Turning to FIG. 7, a portion of a system 500 in accordance with an embodiment of the present invention is described. System 500 may be used in wireless devices such as, for example, a personal digital assistant (PDA), a laptop or portable computer with wireless capability, a web tablet, a wireless telephone, a pager, an instant messaging device, a digital music player, a digital camera, or other devices that may be adapted to transmit and/or receive information wirelessly. System 500 may be used in any of the following systems: a wireless local area network (WLAN) system, a wireless personal area network (WPAN) system, or a cellular network, although the scope of the present invention is not limited in this respect.

System 500 may include a controller 510, an input/output (I/O) device 520 (e.g. a keypad, display), a memory 100, a wireless interface 540, and a static random access memory (SRAM) 560 and coupled to each other via a bus 550. A battery 580 may supply power to the system 500 in one embodiment. It should be noted that the scope of the present invention is not limited to embodiments having any or all of these components.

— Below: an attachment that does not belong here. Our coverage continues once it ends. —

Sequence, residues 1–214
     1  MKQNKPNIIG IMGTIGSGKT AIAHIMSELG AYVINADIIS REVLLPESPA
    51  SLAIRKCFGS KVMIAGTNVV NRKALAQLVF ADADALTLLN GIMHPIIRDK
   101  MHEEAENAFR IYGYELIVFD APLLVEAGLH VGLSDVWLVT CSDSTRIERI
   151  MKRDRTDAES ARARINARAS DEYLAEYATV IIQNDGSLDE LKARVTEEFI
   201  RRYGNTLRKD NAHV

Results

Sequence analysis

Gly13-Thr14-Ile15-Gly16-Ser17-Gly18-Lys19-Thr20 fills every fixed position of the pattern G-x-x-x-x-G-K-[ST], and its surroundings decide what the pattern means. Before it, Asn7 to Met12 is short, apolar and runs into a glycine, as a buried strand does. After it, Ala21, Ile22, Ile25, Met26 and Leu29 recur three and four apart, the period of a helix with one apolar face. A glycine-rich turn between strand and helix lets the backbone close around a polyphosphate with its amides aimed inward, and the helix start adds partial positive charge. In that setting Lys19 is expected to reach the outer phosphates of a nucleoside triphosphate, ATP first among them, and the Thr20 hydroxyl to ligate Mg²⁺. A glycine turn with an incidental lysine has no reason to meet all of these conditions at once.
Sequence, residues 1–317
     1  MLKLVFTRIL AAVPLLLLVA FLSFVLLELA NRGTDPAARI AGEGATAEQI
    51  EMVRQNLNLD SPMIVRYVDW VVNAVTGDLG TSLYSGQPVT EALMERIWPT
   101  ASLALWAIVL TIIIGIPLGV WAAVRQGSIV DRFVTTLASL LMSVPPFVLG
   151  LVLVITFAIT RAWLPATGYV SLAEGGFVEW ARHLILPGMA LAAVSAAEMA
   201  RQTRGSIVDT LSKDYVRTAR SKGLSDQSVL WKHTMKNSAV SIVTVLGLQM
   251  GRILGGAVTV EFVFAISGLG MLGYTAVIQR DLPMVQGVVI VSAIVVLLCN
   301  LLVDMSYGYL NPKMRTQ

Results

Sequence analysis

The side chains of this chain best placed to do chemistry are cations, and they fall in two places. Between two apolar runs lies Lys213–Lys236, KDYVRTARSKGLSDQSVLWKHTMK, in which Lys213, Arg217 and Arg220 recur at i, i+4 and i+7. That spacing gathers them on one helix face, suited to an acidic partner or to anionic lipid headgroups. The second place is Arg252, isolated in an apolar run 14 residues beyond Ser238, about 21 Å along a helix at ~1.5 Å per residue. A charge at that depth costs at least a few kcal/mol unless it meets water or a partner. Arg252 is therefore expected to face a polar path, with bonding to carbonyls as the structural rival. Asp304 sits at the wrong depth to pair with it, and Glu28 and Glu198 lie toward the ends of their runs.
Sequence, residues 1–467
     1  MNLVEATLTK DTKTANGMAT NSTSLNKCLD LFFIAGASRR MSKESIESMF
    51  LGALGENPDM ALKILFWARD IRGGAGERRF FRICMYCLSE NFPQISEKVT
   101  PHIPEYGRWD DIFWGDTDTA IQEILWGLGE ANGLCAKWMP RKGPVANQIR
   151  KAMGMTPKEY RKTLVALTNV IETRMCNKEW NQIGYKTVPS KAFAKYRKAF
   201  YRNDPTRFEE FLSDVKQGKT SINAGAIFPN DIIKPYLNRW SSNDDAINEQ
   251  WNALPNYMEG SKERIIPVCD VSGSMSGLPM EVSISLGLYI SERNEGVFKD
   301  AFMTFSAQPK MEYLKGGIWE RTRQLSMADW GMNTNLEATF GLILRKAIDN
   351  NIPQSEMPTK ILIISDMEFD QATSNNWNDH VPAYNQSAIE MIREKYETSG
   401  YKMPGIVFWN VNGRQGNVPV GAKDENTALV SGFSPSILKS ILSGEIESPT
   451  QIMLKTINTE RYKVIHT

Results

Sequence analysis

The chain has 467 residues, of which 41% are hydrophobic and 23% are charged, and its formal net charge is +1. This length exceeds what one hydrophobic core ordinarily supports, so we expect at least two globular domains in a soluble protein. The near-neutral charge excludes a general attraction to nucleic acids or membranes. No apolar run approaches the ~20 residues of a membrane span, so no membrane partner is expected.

Controller 510 may comprise, for example, one or more microprocessors, digital signal processors, micro-controllers, or the like. Memory 100 may be used to store messages transmitted to or by system 500. Memory 100 may also optionally be used to store instructions that are executed by controller 510 during the operation of system 500, and may be used to store user data. The instructions may be stored as digital information and the user data, as disclosed herein, may be stored in one section of the memory as digital data and in another section as analog memory. As another example, a given section at one time may be labeled as such and store digital information, and then later may be relabeled and reconfigured to store analog information. Memory 100 may be provided by one or more different types of memory. For example, memory 100 may comprise a volatile memory (any type of random access memory), a non-volatile memory such as a flash memory, and/or memory 100 illustrated in FIG. 1.